This wasn’t always the case. Hannibal Lecter is possibly at his most antagonistic in the first novel of the series, Red Dragon. He’s considerably nicer to Will Graham in the movie version (we’re talking Red Dragon here, not Manhunter) than he is in the book, where he attacks him at almost any chance he gets. The plot to have Francis Dolarhyde have kill Will makes a lot more sense in the book, where Hannibal is so much angrier and vengeful. Of course Hannibal has a soft spot for Clarice, but it was kind of surprising to me just how much Hannibal hates Will, considering that Clarice seems to have a much more rigid sense of justice than Will does.
While Clarice is motivated by ambition and integrity, Will is repeated said to be motivated by fear. Although he does seem to want to do the right thing, he’s terrified of where the right thing is going to take him. Also unlike Clarice, rather than working the field, Will was a professor at the FBI academy, only working the field when absolutely needed. While Clarice is very much the straight and narrow FBI detective, Will Graham is much more neutral.
Crawford has to push and prod Will to do the right thing, and Will falls for it, even if he knows what Crawford is doing. We see this in the diner scene before Will agrees to take on the Toothfairy case completely, and he’s driven by seeing another family that could (potentially) be the next set of victims.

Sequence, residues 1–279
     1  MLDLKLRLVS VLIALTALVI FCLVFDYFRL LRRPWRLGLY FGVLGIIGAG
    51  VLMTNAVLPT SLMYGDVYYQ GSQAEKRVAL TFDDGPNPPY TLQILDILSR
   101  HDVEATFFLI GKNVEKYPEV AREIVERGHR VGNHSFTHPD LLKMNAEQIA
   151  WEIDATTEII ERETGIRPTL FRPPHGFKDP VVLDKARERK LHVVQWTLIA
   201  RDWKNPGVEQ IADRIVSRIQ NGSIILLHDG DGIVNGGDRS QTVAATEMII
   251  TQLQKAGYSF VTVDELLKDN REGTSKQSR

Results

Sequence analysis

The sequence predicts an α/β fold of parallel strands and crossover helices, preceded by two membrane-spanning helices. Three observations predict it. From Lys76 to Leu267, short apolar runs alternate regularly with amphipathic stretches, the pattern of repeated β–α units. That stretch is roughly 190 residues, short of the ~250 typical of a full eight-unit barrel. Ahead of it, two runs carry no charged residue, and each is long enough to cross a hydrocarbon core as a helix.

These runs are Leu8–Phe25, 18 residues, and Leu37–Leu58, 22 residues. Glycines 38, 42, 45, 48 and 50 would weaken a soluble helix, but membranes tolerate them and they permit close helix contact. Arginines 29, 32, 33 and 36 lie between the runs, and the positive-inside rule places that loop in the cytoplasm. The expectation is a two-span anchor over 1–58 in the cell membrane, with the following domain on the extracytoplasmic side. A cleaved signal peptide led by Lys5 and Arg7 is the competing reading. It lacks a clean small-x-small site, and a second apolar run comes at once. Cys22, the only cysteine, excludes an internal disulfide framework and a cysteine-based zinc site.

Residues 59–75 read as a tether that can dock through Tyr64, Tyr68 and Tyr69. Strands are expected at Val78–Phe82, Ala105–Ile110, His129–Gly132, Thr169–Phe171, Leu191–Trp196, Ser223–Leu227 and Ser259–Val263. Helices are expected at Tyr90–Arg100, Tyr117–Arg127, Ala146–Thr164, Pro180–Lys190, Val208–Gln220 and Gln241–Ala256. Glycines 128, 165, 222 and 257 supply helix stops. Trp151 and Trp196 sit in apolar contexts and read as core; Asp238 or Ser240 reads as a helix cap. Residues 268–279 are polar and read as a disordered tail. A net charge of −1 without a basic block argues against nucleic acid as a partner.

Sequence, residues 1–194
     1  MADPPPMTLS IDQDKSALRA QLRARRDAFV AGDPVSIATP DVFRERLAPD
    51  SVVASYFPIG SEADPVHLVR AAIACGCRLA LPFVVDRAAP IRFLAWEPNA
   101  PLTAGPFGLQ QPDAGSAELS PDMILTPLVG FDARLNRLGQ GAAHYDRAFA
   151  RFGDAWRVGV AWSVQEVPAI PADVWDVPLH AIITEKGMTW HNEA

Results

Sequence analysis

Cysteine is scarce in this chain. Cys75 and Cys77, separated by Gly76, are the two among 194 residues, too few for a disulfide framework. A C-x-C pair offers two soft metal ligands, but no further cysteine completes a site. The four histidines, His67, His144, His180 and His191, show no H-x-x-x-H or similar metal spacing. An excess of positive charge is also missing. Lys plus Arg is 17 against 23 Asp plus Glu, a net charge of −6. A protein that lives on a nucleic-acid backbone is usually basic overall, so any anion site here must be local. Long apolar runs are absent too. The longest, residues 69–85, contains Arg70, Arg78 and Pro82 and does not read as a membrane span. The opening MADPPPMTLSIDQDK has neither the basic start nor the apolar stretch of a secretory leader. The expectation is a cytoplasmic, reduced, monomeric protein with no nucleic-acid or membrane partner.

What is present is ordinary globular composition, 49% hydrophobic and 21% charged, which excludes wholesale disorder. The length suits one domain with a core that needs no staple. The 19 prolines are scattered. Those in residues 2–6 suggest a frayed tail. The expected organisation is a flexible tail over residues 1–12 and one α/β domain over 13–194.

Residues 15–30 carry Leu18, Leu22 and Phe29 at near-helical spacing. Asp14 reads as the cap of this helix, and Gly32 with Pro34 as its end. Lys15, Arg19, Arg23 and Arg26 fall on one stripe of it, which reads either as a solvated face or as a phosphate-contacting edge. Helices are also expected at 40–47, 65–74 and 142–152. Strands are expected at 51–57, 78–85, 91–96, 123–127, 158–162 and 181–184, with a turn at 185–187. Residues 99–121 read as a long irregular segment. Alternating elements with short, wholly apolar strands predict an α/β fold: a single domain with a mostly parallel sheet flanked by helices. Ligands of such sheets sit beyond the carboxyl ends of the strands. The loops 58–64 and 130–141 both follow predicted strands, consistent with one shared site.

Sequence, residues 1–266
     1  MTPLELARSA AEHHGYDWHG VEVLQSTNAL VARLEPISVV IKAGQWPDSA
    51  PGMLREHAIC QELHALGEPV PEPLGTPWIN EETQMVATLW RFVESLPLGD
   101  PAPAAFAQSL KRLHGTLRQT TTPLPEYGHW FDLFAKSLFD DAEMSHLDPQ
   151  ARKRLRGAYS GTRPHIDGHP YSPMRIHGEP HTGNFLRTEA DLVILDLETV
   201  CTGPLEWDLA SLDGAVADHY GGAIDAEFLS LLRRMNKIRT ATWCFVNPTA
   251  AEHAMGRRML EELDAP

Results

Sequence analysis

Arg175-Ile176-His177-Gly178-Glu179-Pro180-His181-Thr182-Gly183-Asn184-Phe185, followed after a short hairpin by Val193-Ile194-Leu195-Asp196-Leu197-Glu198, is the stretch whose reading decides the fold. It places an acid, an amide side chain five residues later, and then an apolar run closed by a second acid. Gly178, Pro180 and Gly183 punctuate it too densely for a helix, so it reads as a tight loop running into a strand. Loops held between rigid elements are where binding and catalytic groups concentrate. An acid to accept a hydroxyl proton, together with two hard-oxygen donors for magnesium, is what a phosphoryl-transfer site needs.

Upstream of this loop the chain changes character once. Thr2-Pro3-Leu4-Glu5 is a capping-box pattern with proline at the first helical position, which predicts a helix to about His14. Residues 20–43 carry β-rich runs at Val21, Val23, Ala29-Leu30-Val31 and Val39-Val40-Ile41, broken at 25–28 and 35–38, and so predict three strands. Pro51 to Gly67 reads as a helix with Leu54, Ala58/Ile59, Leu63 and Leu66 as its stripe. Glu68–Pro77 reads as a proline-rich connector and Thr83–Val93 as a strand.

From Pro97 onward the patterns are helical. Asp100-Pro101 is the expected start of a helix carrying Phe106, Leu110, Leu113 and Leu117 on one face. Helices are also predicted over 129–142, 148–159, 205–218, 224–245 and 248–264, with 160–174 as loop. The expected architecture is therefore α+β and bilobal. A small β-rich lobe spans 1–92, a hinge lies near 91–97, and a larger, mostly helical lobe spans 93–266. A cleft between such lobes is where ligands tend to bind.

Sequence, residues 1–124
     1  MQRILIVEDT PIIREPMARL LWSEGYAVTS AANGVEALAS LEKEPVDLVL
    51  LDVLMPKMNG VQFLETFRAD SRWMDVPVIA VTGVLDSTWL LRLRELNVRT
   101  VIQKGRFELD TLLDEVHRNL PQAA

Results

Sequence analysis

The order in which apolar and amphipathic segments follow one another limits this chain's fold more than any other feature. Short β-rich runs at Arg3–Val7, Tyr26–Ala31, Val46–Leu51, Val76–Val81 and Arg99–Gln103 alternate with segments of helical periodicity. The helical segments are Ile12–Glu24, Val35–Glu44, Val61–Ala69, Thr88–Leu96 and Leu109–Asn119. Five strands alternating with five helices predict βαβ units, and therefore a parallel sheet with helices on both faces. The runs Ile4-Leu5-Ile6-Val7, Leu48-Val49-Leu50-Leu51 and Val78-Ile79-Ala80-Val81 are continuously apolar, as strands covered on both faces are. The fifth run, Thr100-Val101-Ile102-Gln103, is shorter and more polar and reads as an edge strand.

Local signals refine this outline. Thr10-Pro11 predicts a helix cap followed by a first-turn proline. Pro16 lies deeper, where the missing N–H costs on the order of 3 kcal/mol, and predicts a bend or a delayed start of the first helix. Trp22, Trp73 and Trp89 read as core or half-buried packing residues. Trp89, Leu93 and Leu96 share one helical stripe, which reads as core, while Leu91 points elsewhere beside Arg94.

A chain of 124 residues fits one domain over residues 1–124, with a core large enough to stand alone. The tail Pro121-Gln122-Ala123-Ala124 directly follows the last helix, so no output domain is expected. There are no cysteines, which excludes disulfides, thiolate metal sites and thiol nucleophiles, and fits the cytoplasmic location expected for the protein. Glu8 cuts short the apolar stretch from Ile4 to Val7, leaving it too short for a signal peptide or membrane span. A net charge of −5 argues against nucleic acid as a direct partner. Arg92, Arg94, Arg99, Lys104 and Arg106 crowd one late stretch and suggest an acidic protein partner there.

On the other hand, Hannibal says that he and Will are “just alike.” This could be true, if Will were to be swayed by fear the opposite way. He’s already seen to be using an atypical gun, a gun he’s sure would kill somebody in one shot. And of course, he’s shown to be able to understand serial killers better than most people, which is why he’s pulled into the field to begin with.
However, his neutrality is reinforced at the end of the novel when he talks about Bloody Pond. In his drug induced sleep, he dreams of a building that witnessed a bloody civil war battle and states that it was “indifferent” and that “Shiloh doesn’t care.” This is the final image of the novel, and it’s meant to show his state of mind. He’s in between Clarice and Hannibal—completely neutral and he could go either way.
Though Will is probably my favorite character in the series, his neutrality is probably one of the reasons he couldn’t continue as protagonist of the series. (In addition to, you know, getting stabbed in the face.) Seeing Clarice’s moral dilemma is a lot more interesting, and Will’s personality would present too many complications when it came to doing the right thing vs the wrong thing. If anything, Will kind of serves as a warning against neutrality from the ending. It’s fine for buildings to be neutral, but if a person does it, people could get hurt and die.